“You lost, miss?” Even as he spoke, he maintained that smile.

Cindy nodded. “A little… Do you know where the highway is?”

The man laughed in a manner that lit up his whole face. “Yeah, I do. You don’t look too, uh, sober right now. Not to mention, it’s no time for a woman to be walking alone at night. Do you live close by? I can give you a lift.”

“No, I don’t want to be any trouble,” Cindy said.

“Trouble? It’s a Friday night and I have absolutely no plans. Honestly, driving a stoned girl home might be the highlight of my day.”

His light-hearted sense of humor, and possibly his good looks as well, was enough to convince her into his car. Cindy’s mother always warned her about getting into cars with strangers, but she must have hitchhiked across Oahu enough times to believe in the hospitality of people. Before either Cindy or her driver knew it, they were cruising at a calming thirty down the silent highway.

“Just let me know where to turn,” the driver said.

“Will do. Hey, what’s your name?”

“Brian. You?”

“Cindy,” she shyly murmured while turning her gaze out the window.

“That’s a nice name. Looks like it suits you… Pretty girl, pretty name.”

Cindy felt herself bite her lip and blush. “Surely, he couldn’t have been flirting with me,” she thought. The driver looked well into his twenties, or maybe even early thirties, while it was obvious Cindy stood no older than seventeen. Despite the visible age gap, she entertained his lingering glances and coy smirks. Cindy never got much attention from the boys at school, but she also tended to dive too deeply into her studies to even notice. However, partially to appease her older sister, Cindy let her hair down tonight. Cindy wouldn’t call Robyn a bad person, per se, but every now and then Robyn would drag her with her on a rebellious bender. It often rewarded Cindy with a hangover or a two-week grounding, but tonight it led her into the car of a beautifully charming stranger.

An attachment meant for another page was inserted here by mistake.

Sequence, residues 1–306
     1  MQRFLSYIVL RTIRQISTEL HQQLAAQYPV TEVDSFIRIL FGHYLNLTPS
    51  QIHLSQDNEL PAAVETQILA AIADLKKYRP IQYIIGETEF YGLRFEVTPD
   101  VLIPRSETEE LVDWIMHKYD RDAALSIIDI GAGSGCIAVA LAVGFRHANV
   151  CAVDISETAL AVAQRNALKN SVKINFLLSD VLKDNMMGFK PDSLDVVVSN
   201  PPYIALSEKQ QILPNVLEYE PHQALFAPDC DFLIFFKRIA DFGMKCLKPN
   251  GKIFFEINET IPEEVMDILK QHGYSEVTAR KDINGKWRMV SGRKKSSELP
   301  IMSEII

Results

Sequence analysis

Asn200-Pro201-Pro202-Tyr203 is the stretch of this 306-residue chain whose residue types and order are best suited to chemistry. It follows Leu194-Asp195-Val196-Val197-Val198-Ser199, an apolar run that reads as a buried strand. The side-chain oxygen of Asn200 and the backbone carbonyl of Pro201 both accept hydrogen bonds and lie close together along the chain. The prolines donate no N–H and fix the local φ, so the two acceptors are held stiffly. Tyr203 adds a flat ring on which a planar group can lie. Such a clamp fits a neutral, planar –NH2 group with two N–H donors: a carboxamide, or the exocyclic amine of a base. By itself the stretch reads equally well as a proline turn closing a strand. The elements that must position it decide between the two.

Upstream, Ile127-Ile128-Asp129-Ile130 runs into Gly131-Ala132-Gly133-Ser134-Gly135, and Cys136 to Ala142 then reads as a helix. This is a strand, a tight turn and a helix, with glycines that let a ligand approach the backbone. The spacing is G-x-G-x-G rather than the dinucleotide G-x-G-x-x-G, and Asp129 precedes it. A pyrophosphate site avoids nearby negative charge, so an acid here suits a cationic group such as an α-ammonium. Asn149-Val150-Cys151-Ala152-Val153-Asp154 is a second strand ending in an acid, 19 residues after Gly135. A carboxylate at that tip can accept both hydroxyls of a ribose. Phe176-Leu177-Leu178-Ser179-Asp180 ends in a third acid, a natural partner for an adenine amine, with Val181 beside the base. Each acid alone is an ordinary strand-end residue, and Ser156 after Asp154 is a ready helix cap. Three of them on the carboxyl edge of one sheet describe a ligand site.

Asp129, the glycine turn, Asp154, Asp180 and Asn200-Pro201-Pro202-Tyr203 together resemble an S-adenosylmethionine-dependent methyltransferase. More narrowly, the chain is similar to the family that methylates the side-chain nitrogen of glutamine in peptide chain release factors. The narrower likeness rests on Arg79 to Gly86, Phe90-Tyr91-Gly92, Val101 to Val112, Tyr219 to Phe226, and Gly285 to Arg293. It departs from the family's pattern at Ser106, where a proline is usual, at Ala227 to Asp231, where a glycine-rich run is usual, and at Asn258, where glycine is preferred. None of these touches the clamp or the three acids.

“Have you lived in Hawaiʻi your whole life?” Cindy asked, trying to make small talk. “I moved out here about fourteen years ago, but I was so young that I can’t even remember life before it. My folks and I are originally from San Francisco.”

“I love the Bay Area. I went to visit a buddy there two summers ago. As far as where I’m from, I’ve lived in the 808 my whole life. Doubt I’ll ever leave.”

“I’m not sure there’s a reason to ever want to.”

As he continued down the highway, Cindy returned to admiring the landscape zooming past her. Monkeypods canopied over the road, while wispy pine needles of ironwood and the wide leaves of palm trees swayed and rustled with the salty wind. The silhouettes of horses and grazing cattle belonging to a local ranch outlined itself through the darkness, while within the brambles lining the shoulders of the highway hid a family of playful mongoose and singing crickets. Brian turned off his radio, allowing for nature’s symphony to come clearly within earshot.